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Getting Down To Business - XML

So you've got your XML, and you've also got an XSLT stylesheet to format it. But how do you put the two of them together? Fear not - you can use PHP's Sablotron extension to perform XSLT transformation of XML data on the server. This article tells you how.

  1. XSL Transformation With PHP And Sablotron
  2. Getting Down To Business
  3. Start It Up
  4. Handling Things Better
  5. An Evening At The Moulin Rouge
  6. Mistakes Happen
  7. Publish Or Die!
  8. Endzone
By: Harish Kamath, (c) Melonfire
Rating: starstarstarstarstar / 6
November 30, 2001

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Before we get into the nitty-gritty of XSLT processing with PHP, I'd like to take some time to explain how all the pieces fit together.

In case you don't already know, XML is a markup language created to help document authors describe the data contained within a document. This description is accomplished by means of tags, very similar in appearance to regular HTML markup. However, where HTML depends on pre-defined tags, XML allows document authors to create their own tags, immediately making it more powerful and flexible. There are some basic rules to be followed when creating an XML file, and a file can only be processed if these rules are followed to the letter.

Once a file has been created, it needs to be converted, or "transformed", from pure data into something a little more readable. XSLT, the Extensible Style Language (Transformations), is typically used for such transformations; it's a powerful language that allows you to generate different output from the same XML data source. For example, you could use different XSL transformations to create an HTML Web page, a WML deck, and an ASCII text file...all from the same source XML.

There's only one problem here: most browsers don't come with an XML parser or an XSL processor. The latest versions of Internet Explorer and Netscape Gecko do support XML, but older versions don't, and none of them have an XSL processor. And this brings up an obvious problem: how do you use an XML data source to generate HTML for these older browsers?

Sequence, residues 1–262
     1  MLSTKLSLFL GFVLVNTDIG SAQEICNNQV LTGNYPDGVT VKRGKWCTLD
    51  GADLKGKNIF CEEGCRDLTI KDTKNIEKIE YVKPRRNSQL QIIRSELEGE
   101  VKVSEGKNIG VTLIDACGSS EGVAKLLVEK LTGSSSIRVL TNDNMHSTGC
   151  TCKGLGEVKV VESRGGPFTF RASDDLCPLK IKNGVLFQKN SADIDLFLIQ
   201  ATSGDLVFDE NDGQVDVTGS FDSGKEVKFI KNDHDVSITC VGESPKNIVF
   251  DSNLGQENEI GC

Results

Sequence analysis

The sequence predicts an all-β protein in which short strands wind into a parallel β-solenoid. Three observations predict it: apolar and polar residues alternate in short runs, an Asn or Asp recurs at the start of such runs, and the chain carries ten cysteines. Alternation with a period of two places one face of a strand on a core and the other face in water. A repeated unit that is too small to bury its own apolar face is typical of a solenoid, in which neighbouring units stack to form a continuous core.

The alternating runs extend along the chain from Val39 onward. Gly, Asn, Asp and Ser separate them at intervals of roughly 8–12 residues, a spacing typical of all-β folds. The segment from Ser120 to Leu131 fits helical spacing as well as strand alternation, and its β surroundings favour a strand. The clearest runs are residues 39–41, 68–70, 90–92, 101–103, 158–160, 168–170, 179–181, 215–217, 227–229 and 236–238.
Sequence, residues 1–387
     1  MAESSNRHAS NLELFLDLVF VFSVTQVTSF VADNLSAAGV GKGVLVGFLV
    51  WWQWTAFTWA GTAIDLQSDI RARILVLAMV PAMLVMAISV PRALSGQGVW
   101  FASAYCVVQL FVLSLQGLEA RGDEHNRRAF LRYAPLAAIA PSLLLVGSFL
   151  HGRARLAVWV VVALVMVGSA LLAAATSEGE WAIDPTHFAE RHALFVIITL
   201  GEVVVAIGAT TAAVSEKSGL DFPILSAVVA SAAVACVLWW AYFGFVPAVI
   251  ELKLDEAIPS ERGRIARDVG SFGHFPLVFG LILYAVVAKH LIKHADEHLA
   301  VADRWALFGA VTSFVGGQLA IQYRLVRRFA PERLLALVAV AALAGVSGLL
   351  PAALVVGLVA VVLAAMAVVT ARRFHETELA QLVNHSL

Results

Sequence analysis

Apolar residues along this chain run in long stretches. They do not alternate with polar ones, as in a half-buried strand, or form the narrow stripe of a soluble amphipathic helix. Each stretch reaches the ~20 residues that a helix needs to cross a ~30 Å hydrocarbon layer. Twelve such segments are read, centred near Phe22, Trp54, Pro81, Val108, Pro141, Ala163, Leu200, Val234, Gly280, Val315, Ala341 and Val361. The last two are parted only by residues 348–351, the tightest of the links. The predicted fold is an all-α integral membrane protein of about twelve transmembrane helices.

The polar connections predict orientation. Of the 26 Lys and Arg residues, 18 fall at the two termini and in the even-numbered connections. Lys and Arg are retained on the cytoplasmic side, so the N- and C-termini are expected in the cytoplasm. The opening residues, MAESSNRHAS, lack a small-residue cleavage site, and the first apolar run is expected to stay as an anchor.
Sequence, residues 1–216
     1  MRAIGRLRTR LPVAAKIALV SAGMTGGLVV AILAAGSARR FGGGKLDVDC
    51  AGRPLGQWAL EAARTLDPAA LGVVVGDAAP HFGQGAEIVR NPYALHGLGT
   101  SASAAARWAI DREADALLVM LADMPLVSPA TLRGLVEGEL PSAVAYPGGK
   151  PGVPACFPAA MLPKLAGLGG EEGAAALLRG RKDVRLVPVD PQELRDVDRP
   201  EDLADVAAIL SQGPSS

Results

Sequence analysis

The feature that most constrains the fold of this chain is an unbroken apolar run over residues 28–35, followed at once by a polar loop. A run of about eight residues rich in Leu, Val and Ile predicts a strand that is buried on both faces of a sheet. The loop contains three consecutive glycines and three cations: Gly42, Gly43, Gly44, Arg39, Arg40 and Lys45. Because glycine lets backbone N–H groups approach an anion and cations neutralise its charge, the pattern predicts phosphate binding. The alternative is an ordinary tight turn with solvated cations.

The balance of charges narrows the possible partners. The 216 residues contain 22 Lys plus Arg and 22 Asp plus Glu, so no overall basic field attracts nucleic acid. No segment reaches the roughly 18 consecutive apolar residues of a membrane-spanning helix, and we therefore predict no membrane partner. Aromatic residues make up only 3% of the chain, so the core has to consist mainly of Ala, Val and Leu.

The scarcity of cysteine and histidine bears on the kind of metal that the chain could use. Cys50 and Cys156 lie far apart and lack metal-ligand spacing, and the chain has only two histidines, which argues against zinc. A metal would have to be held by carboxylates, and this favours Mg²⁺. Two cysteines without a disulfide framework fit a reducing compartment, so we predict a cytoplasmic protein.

The solution is to insert an additional layer between the client and the server, which takes care of processing the XML with XSLT and returning the rendered output to the browser. And that's where PHP comes in - PHP4 supports XML parsing, through its DOM and XML extensions, and includes an XSL processor, through its Sablotron extension.

Sablotron, you say. Sounds scary. What's that?

Sablotron is, according to its creators, "...a fast, compact and portable XML toolkit implementing XSLT, DOM and XPath". Developed by Ginger Alliance (http://www.gingerall.com), the Sablotron engine is a powerful, standards-compliant XSLT processor, with support for most common XSLT constructs.

The latest version of PHP comes with an implementation of this engine, allowing PHP developers to perform XSLT transformations using regular PHP functions. Note, however, that you may need to recompile your PHP binary with the "--with-sablot" parameter to activate XML support (Windows users get a pre-built binary with their distribution.)

Over the course of this article, I'll be demonstrating how you can use PHP's Sablotron extension to perform XSLT transformations of XML data on the server. I'll be assuming you know the basics of PHP, XML, XSLT and XPath; if you don't, you should take a look at the links at the end of the article before proceeding further.

>>> More XML Articles          >>> More By Harish Kamath, (c) Melonfire

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